Ideas that you can’t describe properly is just a dream

Again, another quote that I read years ago and I have absolutely no recollection on where I heard that from. Unless you are a 1 man band, you probably need to interact with people, especially people that makes what’s in your head a reality. And since we don’t have mind reading technology (yet), your ability to express those ideas and requirements are crucial, as it is the first step to making your ideas into reality. When it comes to assembly time, the idea more or less becomes nothing but the icing on the cake. From what I can tell, people judge everything by it’s cover (it’s call first impression), and if you failed to make the cover look good, you can’t get people to read the world changing content. And and it terms of execution, I don’t have much experience about that, but I would imagine that the solution to this can be combine with “Always keeps someone in the loop” that I mentioned above. In order to keep that person in the loop, keep bouncing idea from each other as sanity check, make sure your words are clear and well thought out, and keep a bible of it with ALL the reasoning and alternatives. (I am not gonna discuss documentations here because A) everyone knows how crucial it is, and B) how it should be achieve heavily depends on the context)

Don’t be afraid to discuss meta work

I think my original idea of “Avoid meta work at all cost” comes from a CGP Gray video, probably something about his productivity, and I mostly try to follow this rule, because it is battle proof (although only with a known sample size of 1). But over time I realised that I took it out of context and this does not really work in an office environment, because by the time you realised that it is too big of a problem, it’s also probably also too late. I think it works for CPG Gray is that he probably spend most of the work time along with little interaction with other people, which is not how the software engineering world works. Sometimes the developers gets fed up with everything and decided to quit; sometimes you just realised that all those days/weeks/months/years could be a lot more productive if you guys could just spend a little bit of the time to fix those bottlenecks. But again, don’t take it to extreme. Just like everything else in life, making it extreme is definitely not going to work out for you, as no one know what’s the current bug report channel/task management platform/etc. Basically what I am saying is “avoid meta work at all cost” only apply to 1 person at a time, probably.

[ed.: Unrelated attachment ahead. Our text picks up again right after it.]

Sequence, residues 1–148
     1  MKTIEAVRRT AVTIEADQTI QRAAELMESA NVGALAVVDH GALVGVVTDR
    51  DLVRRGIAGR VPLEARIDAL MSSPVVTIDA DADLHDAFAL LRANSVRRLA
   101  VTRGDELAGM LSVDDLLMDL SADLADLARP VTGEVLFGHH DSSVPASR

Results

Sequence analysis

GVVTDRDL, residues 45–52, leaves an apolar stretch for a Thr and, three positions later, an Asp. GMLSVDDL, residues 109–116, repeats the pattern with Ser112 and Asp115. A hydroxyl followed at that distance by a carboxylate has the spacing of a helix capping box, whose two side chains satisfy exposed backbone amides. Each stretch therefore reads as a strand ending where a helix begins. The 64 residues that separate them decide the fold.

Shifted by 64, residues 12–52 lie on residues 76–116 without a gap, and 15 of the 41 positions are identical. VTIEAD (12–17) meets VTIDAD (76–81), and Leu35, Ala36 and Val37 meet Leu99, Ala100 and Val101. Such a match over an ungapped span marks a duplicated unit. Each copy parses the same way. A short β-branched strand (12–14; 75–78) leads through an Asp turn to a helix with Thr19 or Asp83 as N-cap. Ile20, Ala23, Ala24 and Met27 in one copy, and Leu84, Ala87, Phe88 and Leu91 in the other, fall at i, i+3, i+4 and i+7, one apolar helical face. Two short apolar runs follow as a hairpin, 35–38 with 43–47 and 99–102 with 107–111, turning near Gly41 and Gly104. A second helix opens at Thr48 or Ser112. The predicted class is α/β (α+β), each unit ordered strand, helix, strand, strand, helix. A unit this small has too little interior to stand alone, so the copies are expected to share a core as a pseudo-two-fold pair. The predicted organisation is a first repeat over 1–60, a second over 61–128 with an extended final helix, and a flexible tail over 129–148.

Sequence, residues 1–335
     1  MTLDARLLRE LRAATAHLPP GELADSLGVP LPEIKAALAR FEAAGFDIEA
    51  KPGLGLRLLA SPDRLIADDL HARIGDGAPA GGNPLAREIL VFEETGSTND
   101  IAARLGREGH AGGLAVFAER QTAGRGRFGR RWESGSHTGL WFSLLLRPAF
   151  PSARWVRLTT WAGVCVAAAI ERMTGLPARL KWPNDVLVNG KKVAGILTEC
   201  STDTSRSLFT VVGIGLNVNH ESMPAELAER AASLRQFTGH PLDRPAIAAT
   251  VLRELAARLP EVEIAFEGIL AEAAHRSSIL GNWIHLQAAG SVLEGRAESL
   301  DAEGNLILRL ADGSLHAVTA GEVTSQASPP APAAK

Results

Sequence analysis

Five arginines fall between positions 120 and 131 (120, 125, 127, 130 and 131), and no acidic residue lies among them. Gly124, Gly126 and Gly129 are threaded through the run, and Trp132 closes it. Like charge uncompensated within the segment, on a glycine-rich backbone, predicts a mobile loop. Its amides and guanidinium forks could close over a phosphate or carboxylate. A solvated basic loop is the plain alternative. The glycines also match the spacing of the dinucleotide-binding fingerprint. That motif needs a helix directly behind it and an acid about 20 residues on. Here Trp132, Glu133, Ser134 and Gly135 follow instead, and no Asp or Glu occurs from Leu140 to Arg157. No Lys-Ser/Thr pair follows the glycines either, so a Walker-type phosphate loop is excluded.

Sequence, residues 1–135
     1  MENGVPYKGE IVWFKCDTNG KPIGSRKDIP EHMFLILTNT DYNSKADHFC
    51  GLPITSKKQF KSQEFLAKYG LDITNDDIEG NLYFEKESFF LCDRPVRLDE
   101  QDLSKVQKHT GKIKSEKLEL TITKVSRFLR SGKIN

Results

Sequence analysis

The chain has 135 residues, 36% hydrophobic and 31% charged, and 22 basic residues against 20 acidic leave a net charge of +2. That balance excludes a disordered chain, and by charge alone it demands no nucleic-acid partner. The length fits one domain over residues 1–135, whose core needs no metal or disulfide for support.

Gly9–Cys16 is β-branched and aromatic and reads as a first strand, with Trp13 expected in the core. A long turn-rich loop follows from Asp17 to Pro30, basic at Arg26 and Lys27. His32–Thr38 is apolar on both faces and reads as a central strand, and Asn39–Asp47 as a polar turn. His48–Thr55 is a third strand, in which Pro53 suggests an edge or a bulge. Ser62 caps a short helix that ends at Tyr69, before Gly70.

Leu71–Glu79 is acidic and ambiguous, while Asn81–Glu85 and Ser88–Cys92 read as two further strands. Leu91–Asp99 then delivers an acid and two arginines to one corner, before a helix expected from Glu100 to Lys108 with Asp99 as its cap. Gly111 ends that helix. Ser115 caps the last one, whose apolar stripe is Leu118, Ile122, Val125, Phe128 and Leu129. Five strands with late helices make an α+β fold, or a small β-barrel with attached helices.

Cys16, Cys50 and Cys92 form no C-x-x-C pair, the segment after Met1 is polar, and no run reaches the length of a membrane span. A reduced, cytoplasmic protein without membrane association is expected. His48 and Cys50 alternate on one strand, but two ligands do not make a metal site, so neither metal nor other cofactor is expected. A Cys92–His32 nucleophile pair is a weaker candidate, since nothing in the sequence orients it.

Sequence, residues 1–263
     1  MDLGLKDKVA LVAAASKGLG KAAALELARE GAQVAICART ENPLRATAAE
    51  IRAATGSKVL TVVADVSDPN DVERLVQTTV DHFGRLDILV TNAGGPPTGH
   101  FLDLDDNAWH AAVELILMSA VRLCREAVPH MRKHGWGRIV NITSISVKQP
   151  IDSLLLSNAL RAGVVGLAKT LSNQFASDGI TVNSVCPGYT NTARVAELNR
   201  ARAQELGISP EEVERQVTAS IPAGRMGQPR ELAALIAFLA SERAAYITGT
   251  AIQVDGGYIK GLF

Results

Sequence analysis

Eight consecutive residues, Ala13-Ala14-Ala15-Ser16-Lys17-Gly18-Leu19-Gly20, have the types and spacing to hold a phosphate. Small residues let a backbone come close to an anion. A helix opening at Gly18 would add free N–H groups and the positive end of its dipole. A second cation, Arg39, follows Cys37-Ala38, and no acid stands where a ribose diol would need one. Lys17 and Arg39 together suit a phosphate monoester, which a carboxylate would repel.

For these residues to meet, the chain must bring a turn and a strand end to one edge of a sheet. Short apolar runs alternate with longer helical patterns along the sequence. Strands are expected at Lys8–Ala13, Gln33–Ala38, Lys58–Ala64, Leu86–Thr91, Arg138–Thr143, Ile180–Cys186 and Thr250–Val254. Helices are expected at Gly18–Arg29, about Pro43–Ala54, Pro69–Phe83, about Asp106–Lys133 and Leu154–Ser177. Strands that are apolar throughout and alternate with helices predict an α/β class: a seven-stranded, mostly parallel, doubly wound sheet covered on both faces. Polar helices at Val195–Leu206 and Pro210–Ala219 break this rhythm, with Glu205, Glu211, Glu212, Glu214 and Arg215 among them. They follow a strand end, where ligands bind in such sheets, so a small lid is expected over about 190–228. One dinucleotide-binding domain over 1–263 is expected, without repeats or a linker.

Change/Pivot is not the key to solving problem

Obviously a lot of startup found issues that force them to pivot to survive, or because of some foreseeable issues the timeline of the project needs to be drastically alter. But you also need to remember that pivot/changing product requirement is not a magical one-size-fits-all solution. One of the most common thing that happens to me is “Oh we are running out of time so we are going to take this feature out, because after taking it out everything fits perfectly in the timeline”. The problem with it is that those features (probably) got added to the original requirement for a reason, and what you should have done instead is to proof that the original estimation is now unrealistic and what it brings to the table just isn’t worth the sacrifice, or there is nothing else that can be altered.

These are some of the tips that I can think of right now, and now I need to grab lunch. And if you have any comments, leave them below, and I will see you next time!

Louis Tsai

Louis Tsai

if someone can give me a lesson of how to adult that’d be great thank you.